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Racial bias is built into the law


:TC WITH ALL the hoopla about affirmative action, the public is scarcely aware of a federal program that discriminates against blacks. You could look it up -- but not under the "affirmative action" heading. Instead, check out the Anti-Drug Abuse Act of 1986, which mandates a minimum 10-year sentence for anyone convicted of selling 50 grams or more of crack cocaine or possessing that amount with the intent to sell. By contrast, dealers in powder cocaine have to be convicted of selling 100 times the amount of crack to trigger the same penalty.

Crack is nearly pure cocaine suitable for smoking. Crack produces a quicker, more intense but shorter high than nasally infused powder cocaine. (If injected, powder cocaine has an effect similar to crack.)

Those who trade in cocaine, whether crack or powder, are profit-seeking entrepreneurs. Some use, most don't, not even most street dealers. Present penalties punish mostly lower-level crack dealers, who are easier to catch and convict. The higher one's position in the marketing chain, the less vulnerable one is to detection and arrest.

Powder cocaine is preferred by middle- and upper-class users, most of them white. Crack is marketed more heavily in minority, especially black, communities. By being 100 times tougher on crack dealers, we jam our prisons with small-time vendors and addicts, offer big-time powder cocaine merchants a break and produce exceptional racial disparity. Does that make sense?

A study for the Bureau of Justice Statistics by Douglas C. McDonald and Kenneth E. Carlson looked at sentences for crack cocaine dealing between Jan. 20, 1989, and June 20, 1990, after full implementation of the federal sentencing guidelines. The average sentence of blacks and whites differed substantially: 102 months vs. 74 months -- a 37-percent spread. The maximum sentences for blacks were 41 percent longer than those for whites: an average 71 months vs. 50 months. The authors do not blame the difference on discrimination by trial judges, but attribute it largely to the 100-to-1 sentencing distinction between crack and powder cocaine.

The law mandating this ratio is absurd, foolish and outrageous. It is absurd because it punishes retail crack dealers with far longer sentences than apply to the wholesalers who supply them with the same amount of the drug. It is foolish because it is hardest on the lowliest dealers who are most easily replaceable. And it is outrageous because the federal circuit courts have rejected equal protection, due process or any other constitutional arguments challenging the law.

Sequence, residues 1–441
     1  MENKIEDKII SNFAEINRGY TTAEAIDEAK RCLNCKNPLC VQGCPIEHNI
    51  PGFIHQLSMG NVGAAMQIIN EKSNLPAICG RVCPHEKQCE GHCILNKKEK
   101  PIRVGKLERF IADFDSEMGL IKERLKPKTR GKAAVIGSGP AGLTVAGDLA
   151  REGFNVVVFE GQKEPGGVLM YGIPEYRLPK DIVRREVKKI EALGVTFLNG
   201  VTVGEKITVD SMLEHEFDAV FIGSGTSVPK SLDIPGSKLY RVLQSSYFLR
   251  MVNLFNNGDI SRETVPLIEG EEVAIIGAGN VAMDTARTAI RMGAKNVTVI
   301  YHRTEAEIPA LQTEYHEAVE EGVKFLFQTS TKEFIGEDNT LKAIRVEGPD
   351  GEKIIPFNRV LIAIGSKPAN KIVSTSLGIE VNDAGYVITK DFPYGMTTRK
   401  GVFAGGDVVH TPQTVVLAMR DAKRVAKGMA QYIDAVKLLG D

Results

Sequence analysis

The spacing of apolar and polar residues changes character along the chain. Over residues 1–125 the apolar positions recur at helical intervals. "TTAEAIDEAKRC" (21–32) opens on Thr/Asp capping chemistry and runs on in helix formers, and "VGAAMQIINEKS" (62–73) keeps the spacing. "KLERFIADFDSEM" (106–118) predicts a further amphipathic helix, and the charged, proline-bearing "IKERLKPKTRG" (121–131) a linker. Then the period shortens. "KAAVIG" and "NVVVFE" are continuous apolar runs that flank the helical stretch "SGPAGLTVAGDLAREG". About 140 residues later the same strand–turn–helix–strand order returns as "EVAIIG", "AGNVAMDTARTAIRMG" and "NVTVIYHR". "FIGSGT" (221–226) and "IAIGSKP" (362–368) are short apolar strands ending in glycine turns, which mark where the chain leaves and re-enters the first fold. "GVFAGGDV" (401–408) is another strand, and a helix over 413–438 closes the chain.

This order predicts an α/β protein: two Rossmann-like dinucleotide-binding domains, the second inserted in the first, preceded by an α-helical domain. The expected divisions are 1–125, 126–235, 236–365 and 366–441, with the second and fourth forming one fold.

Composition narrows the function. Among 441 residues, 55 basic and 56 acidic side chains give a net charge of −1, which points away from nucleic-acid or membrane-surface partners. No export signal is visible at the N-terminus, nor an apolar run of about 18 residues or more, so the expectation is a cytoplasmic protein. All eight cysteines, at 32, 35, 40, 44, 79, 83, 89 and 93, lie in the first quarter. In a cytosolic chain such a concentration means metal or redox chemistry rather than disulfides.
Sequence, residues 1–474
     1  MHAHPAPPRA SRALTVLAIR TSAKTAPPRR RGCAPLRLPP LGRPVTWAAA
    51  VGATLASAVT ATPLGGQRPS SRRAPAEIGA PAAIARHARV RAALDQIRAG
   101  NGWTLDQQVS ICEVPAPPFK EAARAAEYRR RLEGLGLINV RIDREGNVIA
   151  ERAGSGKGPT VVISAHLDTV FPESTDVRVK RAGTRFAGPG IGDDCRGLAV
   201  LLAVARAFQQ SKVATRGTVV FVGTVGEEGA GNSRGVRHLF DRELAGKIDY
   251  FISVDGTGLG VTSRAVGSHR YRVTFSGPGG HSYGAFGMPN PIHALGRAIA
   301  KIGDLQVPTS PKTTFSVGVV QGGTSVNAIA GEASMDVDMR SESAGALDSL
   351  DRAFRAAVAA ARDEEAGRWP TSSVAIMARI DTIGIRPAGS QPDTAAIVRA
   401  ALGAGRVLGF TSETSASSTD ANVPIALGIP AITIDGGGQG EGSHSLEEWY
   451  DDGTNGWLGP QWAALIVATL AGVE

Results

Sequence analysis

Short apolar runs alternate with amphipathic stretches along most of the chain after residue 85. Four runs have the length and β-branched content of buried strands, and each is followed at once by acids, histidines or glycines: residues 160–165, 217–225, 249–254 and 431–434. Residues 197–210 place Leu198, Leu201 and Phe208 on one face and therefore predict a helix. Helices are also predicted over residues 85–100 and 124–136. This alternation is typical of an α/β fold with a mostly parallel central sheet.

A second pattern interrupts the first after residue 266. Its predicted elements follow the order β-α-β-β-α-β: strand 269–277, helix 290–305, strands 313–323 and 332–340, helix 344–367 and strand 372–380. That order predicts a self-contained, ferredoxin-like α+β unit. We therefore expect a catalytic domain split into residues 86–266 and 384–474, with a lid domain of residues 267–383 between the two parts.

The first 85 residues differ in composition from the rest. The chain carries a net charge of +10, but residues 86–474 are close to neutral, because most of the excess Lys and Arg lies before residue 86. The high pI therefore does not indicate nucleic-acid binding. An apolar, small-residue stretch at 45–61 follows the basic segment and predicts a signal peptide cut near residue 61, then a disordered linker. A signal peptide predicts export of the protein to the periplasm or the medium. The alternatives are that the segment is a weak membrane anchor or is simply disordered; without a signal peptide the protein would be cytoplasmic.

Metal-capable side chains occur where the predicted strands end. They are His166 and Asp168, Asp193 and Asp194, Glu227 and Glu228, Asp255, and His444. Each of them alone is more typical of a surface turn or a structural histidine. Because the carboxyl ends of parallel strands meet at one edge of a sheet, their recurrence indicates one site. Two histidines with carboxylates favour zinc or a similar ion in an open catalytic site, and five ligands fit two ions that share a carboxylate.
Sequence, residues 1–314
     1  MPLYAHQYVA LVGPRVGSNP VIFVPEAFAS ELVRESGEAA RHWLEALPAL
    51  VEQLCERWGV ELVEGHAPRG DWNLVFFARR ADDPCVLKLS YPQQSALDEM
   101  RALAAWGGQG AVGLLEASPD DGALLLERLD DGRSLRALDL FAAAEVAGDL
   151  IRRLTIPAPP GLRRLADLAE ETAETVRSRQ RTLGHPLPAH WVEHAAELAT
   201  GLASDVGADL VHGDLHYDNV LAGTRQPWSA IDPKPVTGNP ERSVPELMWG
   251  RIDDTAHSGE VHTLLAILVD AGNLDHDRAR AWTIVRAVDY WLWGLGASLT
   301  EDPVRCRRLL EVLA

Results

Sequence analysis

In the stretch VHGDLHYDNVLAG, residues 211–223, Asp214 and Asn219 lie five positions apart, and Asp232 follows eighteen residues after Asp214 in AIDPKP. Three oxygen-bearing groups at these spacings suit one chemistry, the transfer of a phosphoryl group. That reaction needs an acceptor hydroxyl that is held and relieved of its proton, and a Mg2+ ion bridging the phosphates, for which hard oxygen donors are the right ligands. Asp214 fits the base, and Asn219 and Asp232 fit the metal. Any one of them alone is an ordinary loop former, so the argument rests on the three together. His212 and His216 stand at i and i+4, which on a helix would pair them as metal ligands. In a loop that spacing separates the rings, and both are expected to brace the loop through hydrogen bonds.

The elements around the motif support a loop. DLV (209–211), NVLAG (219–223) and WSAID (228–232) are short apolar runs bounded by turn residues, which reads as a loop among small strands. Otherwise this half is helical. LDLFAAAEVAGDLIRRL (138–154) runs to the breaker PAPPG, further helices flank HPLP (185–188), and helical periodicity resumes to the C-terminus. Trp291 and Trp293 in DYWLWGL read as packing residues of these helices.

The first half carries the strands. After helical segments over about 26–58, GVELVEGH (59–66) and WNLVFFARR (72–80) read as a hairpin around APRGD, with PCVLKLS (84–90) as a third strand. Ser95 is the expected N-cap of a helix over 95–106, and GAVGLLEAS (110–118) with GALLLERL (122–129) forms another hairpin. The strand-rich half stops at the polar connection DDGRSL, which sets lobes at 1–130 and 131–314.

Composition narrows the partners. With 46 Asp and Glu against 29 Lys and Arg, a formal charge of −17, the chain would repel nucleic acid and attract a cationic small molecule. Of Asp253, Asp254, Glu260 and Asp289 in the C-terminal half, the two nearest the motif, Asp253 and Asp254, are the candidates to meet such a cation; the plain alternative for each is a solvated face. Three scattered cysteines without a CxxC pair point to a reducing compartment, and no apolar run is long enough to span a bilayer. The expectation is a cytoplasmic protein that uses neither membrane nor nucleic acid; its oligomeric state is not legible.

The courts say that despite the association between black and crack and white and powder, and the disproportionately adverse impact of the law on blacks, Congress showed no racial animus in passing the law. Perhaps Congress didn't understand the disparate impact of the law in 1986. Now Congress should know, and if attempts to give the law more balance are voted down, black defendants will have a stronger constitutional argument.

After extensive study, the U.S. Sentencing Commission published a report in February strongly criticizing the congressional approach to sentencing cocaine offenders. It points out the anomaly in the 100-to-1 ratio: Retail crack dealers are given longer sentences than the wholesale distributors who supply them with the powder cocaine to produce their crack. Recognizing that crack and powder cocaine are pharmacologically the same, the report advises that the 100-to-1 ratio cannot withstand scientific scrutiny and concludes that it has had a disparate, prejudicial impact on blacks.

Despite the commission's report, the U.S. Justice Department is urging Congress to maintain these disparate sentencing practices. U.S. Attorney General Janet Reno says that equalizing penalties for equal amounts of crack and powder cocaine would "fail to reflect the harsh and terrible impact of crack on communities across America." The attorney general, an ex-officio member of the Sentencing Commission, attended some of the hearings. She is exceptionally intelligent and must know that the disparate penalties have scarcely solved the drug problems in our inner cities. One has to wonder how she could have reached that conclusion. Might it have to do with an election scheduled for 1996, and an administration that needs to show that it is tough on drugs?

Jerome H. Skolnick teaches at the University of California, Berkeley's School of Law. He testified before the U.S. Sentencing Commission in 1993.

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